When Congress created the permanent housing set-aside within HUD’s McKiney-Vento programs in 2000, it also directed the Department of Housing and Urban Development to require that grantees implement homelessness services management information systems, or HMIS. Congress asked that HUD fund implementation of such systems so that jurisdictions could establish unduplicated counts of clients served by their local homelessness services system, the characteristics of the people served, their patterns of service use and lengths of stay, and the outcomes of their services use. Congress also directed that such systems be used to identify how homelessness was associated with mainstream social welfare systems, both to assure access to mainstream services for people who are homeless and to assess whether mainstream service systems are shifting clients and responsibilities onto the homeless system. In 2000 and in subsequent appropriations, the Congress also asked HUD to compile the HMIS data into an annual report on the utilization of homeless assistance programs and their outcomes. These directives have helped the field to move toward realization of one of the primary recommendations from the Culhane et al. (1999) paper on accountability, namely, the widespread adoption of automated systems for tracking the use of homelessness services.
This effort has not been without obstacles. Most communities have still not fully implemented their systems, and many communities have struggled with technical, cultural, and human resource challenges. However, substantial progress has been made, and the HMIS initiative promises to provide much more comprehensive information for policymakers at all levels of government than has been possible before, and with it, a greater ability to plan and achieve policy goals.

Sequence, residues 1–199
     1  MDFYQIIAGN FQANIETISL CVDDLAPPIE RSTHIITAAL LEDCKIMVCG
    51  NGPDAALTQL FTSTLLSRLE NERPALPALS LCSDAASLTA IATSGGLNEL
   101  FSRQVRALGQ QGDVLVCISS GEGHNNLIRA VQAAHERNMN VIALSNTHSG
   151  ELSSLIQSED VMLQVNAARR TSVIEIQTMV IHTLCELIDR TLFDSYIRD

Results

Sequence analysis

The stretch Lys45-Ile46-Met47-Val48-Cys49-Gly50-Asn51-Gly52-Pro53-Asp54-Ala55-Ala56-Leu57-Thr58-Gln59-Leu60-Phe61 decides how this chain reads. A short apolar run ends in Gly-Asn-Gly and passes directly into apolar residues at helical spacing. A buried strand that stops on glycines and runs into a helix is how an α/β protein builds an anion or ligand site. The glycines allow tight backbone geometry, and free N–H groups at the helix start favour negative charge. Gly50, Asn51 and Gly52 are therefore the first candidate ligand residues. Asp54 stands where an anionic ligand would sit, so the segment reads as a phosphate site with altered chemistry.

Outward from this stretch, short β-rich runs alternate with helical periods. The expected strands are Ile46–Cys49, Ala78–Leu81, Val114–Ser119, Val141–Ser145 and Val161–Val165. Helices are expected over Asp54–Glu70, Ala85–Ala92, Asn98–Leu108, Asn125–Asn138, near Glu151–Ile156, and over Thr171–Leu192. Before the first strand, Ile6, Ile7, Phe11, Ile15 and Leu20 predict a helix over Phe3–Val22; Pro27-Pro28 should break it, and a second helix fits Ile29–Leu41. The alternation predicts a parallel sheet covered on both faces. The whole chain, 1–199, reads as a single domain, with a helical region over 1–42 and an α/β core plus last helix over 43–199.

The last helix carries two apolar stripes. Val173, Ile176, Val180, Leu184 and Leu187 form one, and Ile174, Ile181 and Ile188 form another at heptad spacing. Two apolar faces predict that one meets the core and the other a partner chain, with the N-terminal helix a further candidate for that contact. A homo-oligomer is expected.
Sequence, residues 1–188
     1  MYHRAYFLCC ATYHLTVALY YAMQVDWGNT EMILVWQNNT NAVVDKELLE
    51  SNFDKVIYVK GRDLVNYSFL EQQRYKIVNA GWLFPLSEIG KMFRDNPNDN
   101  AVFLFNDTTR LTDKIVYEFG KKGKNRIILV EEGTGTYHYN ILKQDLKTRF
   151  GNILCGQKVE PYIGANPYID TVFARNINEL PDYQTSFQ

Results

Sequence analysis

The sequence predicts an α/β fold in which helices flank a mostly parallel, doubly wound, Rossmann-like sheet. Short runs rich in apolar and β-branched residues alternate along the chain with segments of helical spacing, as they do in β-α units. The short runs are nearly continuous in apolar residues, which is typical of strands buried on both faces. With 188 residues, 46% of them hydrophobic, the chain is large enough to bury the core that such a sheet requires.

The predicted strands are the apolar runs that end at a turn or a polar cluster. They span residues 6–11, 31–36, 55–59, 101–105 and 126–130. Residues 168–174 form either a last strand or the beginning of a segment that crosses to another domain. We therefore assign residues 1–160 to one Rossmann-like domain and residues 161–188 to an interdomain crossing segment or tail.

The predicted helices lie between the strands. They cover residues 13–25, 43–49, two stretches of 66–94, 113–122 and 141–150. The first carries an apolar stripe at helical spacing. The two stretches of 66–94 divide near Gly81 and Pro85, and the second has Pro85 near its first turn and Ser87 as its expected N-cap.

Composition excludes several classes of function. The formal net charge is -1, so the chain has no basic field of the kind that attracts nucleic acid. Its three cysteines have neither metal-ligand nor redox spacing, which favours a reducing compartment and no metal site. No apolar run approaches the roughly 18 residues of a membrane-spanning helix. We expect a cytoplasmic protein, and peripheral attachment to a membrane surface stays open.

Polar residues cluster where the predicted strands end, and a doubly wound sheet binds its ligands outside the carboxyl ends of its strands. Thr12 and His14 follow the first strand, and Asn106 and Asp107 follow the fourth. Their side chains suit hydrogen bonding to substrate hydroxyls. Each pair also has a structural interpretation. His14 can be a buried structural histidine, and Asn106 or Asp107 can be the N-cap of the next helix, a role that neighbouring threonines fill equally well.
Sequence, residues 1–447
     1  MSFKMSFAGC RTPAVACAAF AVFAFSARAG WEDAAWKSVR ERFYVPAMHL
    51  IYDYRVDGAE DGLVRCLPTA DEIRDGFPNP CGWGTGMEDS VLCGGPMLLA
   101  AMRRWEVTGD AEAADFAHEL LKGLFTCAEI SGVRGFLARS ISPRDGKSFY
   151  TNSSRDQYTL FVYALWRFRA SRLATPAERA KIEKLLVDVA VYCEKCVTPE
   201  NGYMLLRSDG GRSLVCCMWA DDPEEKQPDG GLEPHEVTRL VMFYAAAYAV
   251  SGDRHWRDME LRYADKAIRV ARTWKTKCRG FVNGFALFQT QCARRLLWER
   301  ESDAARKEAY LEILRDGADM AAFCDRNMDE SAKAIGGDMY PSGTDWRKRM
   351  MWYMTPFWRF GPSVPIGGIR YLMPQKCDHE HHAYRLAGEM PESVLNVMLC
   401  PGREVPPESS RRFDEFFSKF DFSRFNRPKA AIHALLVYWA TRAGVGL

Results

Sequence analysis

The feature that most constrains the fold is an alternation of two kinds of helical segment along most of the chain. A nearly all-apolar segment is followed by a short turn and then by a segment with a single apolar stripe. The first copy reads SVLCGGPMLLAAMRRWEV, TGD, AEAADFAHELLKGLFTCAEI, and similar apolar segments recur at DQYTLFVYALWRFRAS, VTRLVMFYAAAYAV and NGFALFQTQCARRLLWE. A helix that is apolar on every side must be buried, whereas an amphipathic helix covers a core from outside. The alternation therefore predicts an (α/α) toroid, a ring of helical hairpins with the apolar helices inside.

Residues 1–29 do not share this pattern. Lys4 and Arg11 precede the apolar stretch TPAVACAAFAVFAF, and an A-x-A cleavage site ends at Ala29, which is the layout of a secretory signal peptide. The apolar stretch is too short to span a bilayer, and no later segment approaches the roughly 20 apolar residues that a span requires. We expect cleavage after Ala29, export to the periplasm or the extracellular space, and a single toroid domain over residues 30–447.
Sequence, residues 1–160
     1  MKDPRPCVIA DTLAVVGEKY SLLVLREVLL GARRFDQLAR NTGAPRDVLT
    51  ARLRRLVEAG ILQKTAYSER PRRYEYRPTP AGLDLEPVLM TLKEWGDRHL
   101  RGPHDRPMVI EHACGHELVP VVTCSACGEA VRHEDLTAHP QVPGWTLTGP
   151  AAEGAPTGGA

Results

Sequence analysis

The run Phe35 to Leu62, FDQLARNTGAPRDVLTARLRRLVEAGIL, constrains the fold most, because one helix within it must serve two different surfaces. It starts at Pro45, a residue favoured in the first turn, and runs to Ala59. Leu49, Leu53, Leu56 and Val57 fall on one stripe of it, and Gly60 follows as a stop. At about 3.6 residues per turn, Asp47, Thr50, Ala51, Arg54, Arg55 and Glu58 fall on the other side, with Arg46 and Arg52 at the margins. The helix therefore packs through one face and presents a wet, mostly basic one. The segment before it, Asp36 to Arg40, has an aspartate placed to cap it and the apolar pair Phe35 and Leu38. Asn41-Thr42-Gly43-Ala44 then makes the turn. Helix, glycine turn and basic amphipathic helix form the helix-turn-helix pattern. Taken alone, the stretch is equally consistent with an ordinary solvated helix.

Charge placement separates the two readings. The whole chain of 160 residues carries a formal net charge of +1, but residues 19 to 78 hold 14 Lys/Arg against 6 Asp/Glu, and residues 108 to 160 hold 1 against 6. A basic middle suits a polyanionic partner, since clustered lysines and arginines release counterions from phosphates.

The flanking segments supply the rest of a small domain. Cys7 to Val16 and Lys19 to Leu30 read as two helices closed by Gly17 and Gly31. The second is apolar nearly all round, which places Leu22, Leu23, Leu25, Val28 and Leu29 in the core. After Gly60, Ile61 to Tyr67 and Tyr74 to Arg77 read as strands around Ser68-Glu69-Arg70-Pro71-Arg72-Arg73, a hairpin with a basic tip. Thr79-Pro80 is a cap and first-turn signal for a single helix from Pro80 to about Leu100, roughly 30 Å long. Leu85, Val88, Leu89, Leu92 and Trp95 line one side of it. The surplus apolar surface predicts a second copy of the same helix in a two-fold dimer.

As noted by Congress, one of the principle uses of these new data sources is to measure utilization and outcomes in the homeless system. At a local level, HMIS has enabled communities to create reports like the HUD Annual Progress Reports (APR) on a routine basis. It has also enabled some system managers to monitor utilization through live “dashboards” that show current trends in vacancies, length of stay, admission rates, etc. Agency planners have also been able to use data showing historic utilization patterns to forecast bed demand and as the basis for budget requests. These are but a few of the practical uses of HMIS data for performing the most elementary aspects of program administration.
HUD has also used the expanding HMIS infrastructure as a basis for creating the annual profile of homeless system utilization requested by Congress, through a project called the Annual Homeless Assessment Report (AHAR). The AHAR project has thus far involved several efforts intended to standardize information and reporting and to enable uniform assessments of homeless assistance program utilization nationally. A comprehensive set of federal data definitions and standards was published in the July 30, 2004 issue of the Federal Register. The data standards help ensure that all homeless shelters are collecting the same information on the clients they serve. Software vendors and other system developers use the federal standards to assure that their products are sufficient for meeting HUD’s expectation for privacy and data security, that common data elements are being collected and in standard formats, and to assure that key analysis and reporting features can be supported. The data elements distinguish between “universal data elements” (a short set of identifiers and characteristics to be tracked for all clients in all programs), and “program data elements” (a longer list of client characteristics and needs/progress updates that support collection of data required for HUD’s APR).